| By Shane Courtland |
One often hears the expression “You should live your life without regrets” in the same situations that one hears expressions such as “carpe diem” and “YOLO.” The basic idea is that you should live your life to the fullest. One day, if you are lucky to be living, you will be able to look back on your life. When you do so, you do not want to feel that it was wasted merely because you were too timid and afraid to embrace it. Have courage, these slogans implore – reach the fullest potential of a happy and fulfilling life.
In what follows, I want to articulate a different way to understand this expression.This understanding is inspired, in part, by a passage in Epictetus’s The Enchiridion. In passage #25, he writes:
“Is anyone preferred before you at an entertainment, or in a compliment, or in being admitted to a consultation? If these things are good, you ought to be glad that he has gotten them; and if they are evil, don’t be grieved that you have not gotten them. And remember that you cannot, without using the same means [which others do] to acquire things not in our own control, expect to be thought worthy of an equal share of them. For how can he who does not frequent the door of any [great] man, does not attend him, does not praise him, have an equal share with him who does? You are unjust, then, and insatiable, if you are unwilling to pay the price for which these things are sold, and would have them for nothing. For how much is lettuce sold? Fifty cents, for instance. If another, then, paying fifty cents, takes the lettuce, and you, not paying it, go without them, don’t imagine that he has gained any advantage over you. For as he has the lettuce, so you have the fifty cents which you did not give. So, in the present case, you have not been invited to such a person’s entertainment, because you have not paid him the price for which a supper is sold. It is sold for praise; it is sold for attendance. Give him then the value, if it is for your advantage. But if you would, at the same time, not pay the one and yet receive the other, you are insatiable, and a blockhead. Have you nothing, then, instead of the supper? Yes, indeed, you have: the not praising him, whom you don’t like to praise; the not bearing with his behavior at coming in.”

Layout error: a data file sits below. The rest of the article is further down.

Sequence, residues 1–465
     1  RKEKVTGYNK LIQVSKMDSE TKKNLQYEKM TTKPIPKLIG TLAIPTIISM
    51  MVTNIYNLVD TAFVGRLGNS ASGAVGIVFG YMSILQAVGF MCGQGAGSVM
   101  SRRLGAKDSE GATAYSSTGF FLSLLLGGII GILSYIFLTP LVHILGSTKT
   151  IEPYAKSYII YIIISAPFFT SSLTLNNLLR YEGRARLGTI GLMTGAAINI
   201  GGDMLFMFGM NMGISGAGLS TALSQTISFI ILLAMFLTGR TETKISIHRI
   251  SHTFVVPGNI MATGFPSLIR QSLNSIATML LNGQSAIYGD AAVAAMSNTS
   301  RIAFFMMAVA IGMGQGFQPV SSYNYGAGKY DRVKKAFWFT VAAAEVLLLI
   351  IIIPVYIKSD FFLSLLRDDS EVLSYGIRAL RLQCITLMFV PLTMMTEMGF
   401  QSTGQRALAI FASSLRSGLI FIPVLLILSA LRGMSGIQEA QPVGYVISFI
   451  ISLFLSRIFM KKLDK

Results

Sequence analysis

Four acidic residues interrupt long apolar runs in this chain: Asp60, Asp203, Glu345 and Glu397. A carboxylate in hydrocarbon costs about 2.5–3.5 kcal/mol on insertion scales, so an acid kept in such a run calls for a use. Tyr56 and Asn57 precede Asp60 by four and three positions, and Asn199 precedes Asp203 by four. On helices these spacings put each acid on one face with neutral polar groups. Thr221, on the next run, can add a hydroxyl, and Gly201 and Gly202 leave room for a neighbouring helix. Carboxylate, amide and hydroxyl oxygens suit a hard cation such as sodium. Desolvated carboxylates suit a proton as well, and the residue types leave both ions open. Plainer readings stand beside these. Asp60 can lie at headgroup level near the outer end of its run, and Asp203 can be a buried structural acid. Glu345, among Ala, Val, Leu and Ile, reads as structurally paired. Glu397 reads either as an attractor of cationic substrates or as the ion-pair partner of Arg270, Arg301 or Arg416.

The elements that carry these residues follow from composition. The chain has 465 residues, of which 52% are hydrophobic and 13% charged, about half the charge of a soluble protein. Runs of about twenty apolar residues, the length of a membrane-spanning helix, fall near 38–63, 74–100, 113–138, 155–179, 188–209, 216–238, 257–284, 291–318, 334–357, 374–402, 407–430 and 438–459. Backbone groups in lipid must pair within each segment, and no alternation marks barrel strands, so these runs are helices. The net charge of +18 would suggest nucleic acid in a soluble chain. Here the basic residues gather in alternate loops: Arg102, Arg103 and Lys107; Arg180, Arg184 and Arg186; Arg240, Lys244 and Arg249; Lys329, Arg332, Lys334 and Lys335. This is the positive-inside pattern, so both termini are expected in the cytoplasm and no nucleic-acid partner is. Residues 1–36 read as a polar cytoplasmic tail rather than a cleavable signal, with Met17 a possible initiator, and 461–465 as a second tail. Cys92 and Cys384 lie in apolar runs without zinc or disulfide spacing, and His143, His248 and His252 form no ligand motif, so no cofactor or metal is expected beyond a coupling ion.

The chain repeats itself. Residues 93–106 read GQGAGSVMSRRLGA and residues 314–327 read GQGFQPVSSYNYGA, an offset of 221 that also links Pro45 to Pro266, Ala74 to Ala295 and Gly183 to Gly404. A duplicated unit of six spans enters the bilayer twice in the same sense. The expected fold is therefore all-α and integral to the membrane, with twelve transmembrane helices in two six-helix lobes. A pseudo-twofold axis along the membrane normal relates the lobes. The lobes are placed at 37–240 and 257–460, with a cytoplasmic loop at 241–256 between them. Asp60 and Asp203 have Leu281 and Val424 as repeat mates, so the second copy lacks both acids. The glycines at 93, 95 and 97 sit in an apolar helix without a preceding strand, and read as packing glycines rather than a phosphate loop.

The basic idea, as far as I can tell, is that Epictetus is reminding us that everything in life has opportunity costs. In order to get something of value, one always forgoes something. The man who gets to go to the party paid for it by having to sell his praise. Epictetus then tells the reader, “But if you would, at the same time, not pay the one and yet receive the other, you are insatiable, and a blockhead.”
Let’s connect this with the expression — “You should live your life without regrets.” To do this, I will tell the reader two personal facts about my life. First, by some crazy fluke, I know the exact moment my youngest daughter, Alix, was conceived. I will spare you any other details (you’re welcome). Second, my father died young from cancer. The disease was misdiagnosed…and, by the time it was diagnosed, it was too late to save him. My Father died, roughly, two years before Alix was born. Both of these events have had a dramatic impact upon my life.